Wild Cat Bridge – Lane County

Bridge Over Troubled Waters Tuesday – Week Nineteen!  Wild Cat Bridge happened to be located on a route I was driving west of Eugene – Nelson Mountain Road to Sweethome to Old Stagecoach Road back along highway one twenty-six to.  I’m attaching a map of the loop – it’s a beautiful route that I wholeheartedly recommend anyone who has an interest to drive.

Finding Wild Cat Bridge

Wild Cat Bridge was the second bridge I found accidentally while driving along a loop I created along Nelson Mountain Road and Old Stagecoach Road.  It’s located just off Highway one twenty-six near Walton, Oregon.

Arriving at Wild Cat Bridge

The bridge has several features I found just fascinating and want to mention them while we’re taking a closer look at Wild Cat Bridge.  When I arrived the weather was pretty icky, not much to advocate about the Oregon fall weather.  However once we did arrive I did have a great time at the bridge.  The first thing I noticed outside the bridge was the curved sides on the upper part.  Many of the bridges we’ve seen have angles where the walls meet the upper portion, but these were delicately curved.  I believe it gives the bridge a certain grace.  The bridge itself was built in nineteen twenty-five originally and seems remarkably well preserved.  A quick bit of history here –

View of the Wild Cat bridge as I walked up to it
The Wild Cat bridge seen as I arrived.  The curved portions I mentioned can be seen in this picture
AC Stryker, who was the Lane County Bridges Commissioner at the time was responsible for the bridge being originally constructed
Wild Cat Bridge was built in nineteen twenty-five with the blessing of A.C. Striker who was the county bridge commissioner at the time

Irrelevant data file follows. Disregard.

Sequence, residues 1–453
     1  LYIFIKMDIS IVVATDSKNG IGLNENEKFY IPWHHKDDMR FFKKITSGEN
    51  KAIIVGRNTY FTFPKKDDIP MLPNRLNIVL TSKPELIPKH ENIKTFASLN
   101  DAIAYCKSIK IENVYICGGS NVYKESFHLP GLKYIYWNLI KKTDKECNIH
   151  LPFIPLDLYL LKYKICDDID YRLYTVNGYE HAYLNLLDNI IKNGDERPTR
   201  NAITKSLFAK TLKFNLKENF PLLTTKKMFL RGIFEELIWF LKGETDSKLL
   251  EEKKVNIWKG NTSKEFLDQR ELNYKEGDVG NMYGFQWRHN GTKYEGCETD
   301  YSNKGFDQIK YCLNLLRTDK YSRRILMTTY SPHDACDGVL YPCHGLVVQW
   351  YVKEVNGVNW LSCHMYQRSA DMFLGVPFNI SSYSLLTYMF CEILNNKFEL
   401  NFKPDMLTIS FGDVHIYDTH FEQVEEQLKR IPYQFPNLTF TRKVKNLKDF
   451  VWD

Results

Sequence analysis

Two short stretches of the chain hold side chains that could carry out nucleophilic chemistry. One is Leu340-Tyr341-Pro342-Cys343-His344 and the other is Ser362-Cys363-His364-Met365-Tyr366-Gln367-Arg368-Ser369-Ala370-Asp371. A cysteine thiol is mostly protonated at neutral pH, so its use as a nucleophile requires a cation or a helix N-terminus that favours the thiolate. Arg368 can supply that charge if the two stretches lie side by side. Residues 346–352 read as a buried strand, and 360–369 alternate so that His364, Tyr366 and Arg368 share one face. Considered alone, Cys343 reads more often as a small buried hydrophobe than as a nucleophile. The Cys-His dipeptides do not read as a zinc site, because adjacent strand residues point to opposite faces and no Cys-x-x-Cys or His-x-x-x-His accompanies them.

Inside Wild Cat Bridge

As I walked inside the Wild Cat Bridge, I couldn’t help by notice that the interior smelled new and many of the timbers seemed like they were in remarkably good shape.  Many of the tin rafters looked new and I even saw the very bolts used to hold the bridge together seemed to be made of galvanized metal (not necessarily something commonly available when the bridge was constructed).

Inside the Wild Cat Bridge the clean walls and window beneath the roof can be seen
The walls are in fantastic shape and the normal window just below the roof can be seen
WIldcat_Bridge_80
The walls are in super good shape and there is a faint smell of freshly cut wood, as if the bridge has been updated minutes before I arrived the roof can also be seen just a bit and the tin on the top looks absolutely new
Looking up the newness of the bridge roof can be seen - it looks absolutely pristine
The ceiling can be clearly seen inside, it looks very new and I can’t imagine it’s been there more than a year or two
One bolt I found looks very new and holds much of the support beams together
The bolt used to secure the support timbers can be seen and appears very new – apparently there was some recent renovation of the Wild Cat Bridge

Only One Window, What??